Thursday last week we visited Siena. It was a week before the Palio and the clay track had been laid over the cobbles in the Campo and the tiered seating was in place around the edge of the Campo.
At 3pm, when we arrived, the businesses around the Campo were shut as the Palio track was being watered – a daily ritual in the week leading up to the Palio. This threw our plans of a quiet drink in the Campo into disarray.
So instead we visited Jean’s favourite clothes shop and helped boost the Siena economy – just as we had done in Rome a week before.
Shopping done, we returned to the Campo. The track watering was complete and the bars and restaurants in the Campo had the “all clear” to lay out tables and chairs on the clay track. Normal transmission had resumed.
We wiled away the evening with drinks and a very good pasta dinner at Al Mangia bar before heading back to Diaccino.
The torre in Siena – 400 steps to the top
Watering the track as part of the Palio preparation
Last week in Chianti we were lucky enough to dine in style at Osteria Il Papavero in the hills above Gaiole in Chianti.
We visited Il Papavero with our friends Dani and Olga two years ago and thoroughly enjoyed the food, wine and company and when we discussed a dinner venue this time there was no doubt – it was Il Papavero again.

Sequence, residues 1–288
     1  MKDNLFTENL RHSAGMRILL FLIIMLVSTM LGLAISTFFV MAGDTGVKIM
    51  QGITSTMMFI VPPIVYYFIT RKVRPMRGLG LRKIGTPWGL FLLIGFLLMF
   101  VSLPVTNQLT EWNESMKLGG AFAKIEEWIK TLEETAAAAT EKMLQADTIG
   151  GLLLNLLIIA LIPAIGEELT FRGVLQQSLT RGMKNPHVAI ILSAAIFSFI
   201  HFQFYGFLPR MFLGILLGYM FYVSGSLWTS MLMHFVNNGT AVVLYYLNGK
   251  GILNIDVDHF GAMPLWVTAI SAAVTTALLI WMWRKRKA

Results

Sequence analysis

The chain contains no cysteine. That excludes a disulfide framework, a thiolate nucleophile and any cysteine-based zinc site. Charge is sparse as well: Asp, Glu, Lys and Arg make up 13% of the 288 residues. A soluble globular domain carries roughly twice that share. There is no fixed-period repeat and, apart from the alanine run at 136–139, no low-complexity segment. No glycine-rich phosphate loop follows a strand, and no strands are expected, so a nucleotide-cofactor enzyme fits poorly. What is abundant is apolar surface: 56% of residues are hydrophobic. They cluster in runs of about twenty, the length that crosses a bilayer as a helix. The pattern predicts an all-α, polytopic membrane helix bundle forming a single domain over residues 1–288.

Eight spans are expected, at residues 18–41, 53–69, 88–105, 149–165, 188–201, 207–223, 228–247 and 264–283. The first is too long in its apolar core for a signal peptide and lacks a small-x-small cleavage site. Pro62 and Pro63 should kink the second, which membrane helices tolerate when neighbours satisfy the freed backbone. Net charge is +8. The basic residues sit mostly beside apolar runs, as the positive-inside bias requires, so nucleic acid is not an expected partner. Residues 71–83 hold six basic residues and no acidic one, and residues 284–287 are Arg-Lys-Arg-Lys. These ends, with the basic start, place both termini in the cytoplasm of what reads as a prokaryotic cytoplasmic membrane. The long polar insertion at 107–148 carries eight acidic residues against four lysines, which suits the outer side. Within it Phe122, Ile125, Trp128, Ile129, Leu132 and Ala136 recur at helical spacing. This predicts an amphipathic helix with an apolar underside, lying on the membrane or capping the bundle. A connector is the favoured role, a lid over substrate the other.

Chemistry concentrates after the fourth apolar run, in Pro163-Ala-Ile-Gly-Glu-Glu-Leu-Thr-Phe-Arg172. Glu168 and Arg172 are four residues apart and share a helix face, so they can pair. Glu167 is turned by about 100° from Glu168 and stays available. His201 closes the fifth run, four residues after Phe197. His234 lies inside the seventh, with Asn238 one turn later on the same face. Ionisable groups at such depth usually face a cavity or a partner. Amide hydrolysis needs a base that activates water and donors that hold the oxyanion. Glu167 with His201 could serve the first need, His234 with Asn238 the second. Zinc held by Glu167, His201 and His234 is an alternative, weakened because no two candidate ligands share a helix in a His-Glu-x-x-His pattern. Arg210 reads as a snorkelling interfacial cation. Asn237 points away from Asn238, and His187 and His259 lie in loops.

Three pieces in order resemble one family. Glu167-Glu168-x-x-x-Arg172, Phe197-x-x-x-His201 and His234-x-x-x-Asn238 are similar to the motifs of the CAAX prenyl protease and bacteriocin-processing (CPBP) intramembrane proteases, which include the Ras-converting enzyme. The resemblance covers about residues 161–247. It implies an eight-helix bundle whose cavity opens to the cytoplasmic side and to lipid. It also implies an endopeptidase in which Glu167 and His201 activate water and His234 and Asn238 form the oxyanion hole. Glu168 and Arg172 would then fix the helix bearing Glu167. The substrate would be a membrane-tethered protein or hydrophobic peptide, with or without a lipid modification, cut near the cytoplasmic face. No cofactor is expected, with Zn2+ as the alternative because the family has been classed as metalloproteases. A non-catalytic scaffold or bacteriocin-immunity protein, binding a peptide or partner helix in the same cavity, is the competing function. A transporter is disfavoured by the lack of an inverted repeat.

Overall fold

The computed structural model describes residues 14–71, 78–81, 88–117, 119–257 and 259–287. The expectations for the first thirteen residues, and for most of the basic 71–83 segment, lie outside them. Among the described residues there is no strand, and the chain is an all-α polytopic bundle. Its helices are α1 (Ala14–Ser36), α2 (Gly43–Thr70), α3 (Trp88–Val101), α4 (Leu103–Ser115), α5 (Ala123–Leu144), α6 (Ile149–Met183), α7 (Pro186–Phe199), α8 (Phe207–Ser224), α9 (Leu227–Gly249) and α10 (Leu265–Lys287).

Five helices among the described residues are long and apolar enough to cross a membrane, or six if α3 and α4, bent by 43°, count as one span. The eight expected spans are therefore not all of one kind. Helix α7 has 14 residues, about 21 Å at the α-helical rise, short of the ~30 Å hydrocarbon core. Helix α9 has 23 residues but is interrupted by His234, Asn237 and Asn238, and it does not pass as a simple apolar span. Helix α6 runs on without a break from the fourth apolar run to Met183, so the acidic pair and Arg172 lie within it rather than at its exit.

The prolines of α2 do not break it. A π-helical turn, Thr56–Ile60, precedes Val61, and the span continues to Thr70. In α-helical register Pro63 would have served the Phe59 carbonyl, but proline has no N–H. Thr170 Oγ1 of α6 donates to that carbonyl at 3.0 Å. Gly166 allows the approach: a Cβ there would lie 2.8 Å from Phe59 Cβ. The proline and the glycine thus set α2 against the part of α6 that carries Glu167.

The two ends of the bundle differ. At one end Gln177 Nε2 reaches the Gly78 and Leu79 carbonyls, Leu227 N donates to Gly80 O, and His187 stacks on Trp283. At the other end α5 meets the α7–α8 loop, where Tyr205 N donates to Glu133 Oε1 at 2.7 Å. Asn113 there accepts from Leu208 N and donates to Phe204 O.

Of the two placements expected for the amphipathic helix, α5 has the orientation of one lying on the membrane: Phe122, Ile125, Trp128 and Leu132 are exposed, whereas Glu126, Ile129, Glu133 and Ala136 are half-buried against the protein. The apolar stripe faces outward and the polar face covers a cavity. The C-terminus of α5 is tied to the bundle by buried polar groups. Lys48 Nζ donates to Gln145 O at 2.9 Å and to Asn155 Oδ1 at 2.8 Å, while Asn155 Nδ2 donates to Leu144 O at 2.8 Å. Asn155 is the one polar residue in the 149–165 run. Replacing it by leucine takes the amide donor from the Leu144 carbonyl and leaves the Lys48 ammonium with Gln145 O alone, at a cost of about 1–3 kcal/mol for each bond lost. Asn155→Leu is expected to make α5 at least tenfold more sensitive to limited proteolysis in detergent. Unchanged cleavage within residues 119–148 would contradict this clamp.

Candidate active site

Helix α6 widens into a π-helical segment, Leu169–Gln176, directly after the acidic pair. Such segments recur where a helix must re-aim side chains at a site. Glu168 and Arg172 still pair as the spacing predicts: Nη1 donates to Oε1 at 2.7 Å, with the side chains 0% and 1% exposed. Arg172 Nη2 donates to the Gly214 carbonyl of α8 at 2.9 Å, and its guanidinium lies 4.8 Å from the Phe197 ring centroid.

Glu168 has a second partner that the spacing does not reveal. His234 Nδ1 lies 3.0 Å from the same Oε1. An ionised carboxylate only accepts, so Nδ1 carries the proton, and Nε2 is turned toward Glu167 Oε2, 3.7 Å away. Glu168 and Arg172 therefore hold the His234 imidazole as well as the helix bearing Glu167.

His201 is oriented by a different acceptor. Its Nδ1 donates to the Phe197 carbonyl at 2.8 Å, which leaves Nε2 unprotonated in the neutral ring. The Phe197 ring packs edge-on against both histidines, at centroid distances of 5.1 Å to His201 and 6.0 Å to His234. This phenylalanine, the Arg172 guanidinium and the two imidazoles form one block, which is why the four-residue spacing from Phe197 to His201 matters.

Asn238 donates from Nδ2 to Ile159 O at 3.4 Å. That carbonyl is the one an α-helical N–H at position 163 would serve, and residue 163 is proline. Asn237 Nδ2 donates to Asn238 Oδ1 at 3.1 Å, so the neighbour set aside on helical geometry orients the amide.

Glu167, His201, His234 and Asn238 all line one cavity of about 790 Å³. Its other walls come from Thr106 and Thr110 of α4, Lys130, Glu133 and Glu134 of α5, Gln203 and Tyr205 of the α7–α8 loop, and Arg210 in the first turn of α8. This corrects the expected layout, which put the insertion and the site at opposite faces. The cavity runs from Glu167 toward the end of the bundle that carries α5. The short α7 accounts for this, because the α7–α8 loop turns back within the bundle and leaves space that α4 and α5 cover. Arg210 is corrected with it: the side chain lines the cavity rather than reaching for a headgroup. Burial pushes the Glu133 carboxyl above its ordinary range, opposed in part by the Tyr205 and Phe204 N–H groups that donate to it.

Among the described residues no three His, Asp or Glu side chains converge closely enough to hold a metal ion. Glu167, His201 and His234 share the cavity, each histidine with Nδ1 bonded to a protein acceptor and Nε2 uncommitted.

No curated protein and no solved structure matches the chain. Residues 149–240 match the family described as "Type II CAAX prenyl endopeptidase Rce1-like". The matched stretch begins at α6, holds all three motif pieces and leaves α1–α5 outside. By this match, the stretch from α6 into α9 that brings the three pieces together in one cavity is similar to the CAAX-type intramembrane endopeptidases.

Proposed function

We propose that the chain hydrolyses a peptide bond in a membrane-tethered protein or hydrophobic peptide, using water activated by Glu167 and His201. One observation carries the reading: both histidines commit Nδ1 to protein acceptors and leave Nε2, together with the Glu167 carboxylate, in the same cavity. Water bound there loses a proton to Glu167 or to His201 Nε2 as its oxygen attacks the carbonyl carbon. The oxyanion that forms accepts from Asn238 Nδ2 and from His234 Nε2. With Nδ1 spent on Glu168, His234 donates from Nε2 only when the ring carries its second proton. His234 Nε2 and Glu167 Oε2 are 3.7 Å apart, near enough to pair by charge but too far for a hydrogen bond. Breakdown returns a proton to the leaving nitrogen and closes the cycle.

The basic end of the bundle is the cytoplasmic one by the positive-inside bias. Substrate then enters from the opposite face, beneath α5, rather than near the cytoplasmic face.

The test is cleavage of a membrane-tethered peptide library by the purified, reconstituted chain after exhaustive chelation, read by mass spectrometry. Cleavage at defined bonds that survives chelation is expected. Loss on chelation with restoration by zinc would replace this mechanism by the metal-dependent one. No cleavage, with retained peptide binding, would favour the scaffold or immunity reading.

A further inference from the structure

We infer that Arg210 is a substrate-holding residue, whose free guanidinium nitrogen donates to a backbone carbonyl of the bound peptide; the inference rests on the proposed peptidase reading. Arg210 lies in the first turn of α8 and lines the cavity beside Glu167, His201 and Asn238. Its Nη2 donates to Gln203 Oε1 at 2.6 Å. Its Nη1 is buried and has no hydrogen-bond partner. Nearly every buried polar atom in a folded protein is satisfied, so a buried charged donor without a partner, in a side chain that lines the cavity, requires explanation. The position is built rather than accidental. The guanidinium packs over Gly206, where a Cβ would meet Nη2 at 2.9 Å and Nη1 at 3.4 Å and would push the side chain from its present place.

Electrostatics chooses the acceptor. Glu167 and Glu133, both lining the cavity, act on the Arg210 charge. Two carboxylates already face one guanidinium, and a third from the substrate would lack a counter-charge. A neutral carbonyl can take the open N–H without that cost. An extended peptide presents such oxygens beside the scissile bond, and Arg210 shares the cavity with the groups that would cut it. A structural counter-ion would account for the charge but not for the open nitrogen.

This is not a restaurant that gets “passing trade” as it is located in the hamlet of Barbischio – high in the hills above Gaiole in Chianti. The views are expansive and on a warm summers night there is seating inside and out.
It helps that Dani and Olga are regular customers so we were greeted like locals. We discovered that following our last visit we had become part of Tuscan legend as one of our party (you know who you are Jean) was the only person who has ever ordered one of Papavero’s steaks “ben cotta” – well done. Two years after that, it was still remembered.
Despite this we were allowed in and enjoyed a great night.
The wonderful thing about Papavero is that their menu is supplemented by as many special dishes again, all produced using local produce that is seasonally available. So last night we had everything from anchovies and pesto through to Calamari shaped pasta with pork and olives. All washed down with fine wine and finished with a local digestivo.
Wine buffs will know we are staying in the Chianti Classico wine region. Within a few kilometres of our local town, Gaiole in Chianti, there are over a dozen producers ranging from the very large to the very small.
On Sunday night these local wine makers, together with the restaurants of Gaiole in Chianti got together and held a wine and food festival in Gaiole – Calici di Stelle. Loosely translated that means “Glasses of Stars”. For sampling were some fine Chianti Classico wines along with a range of other wines they produce.
Our dear friend Olga was assisting with the Ciona winery stand (our villa Diaccino is on the Ciona estate) and invited us along.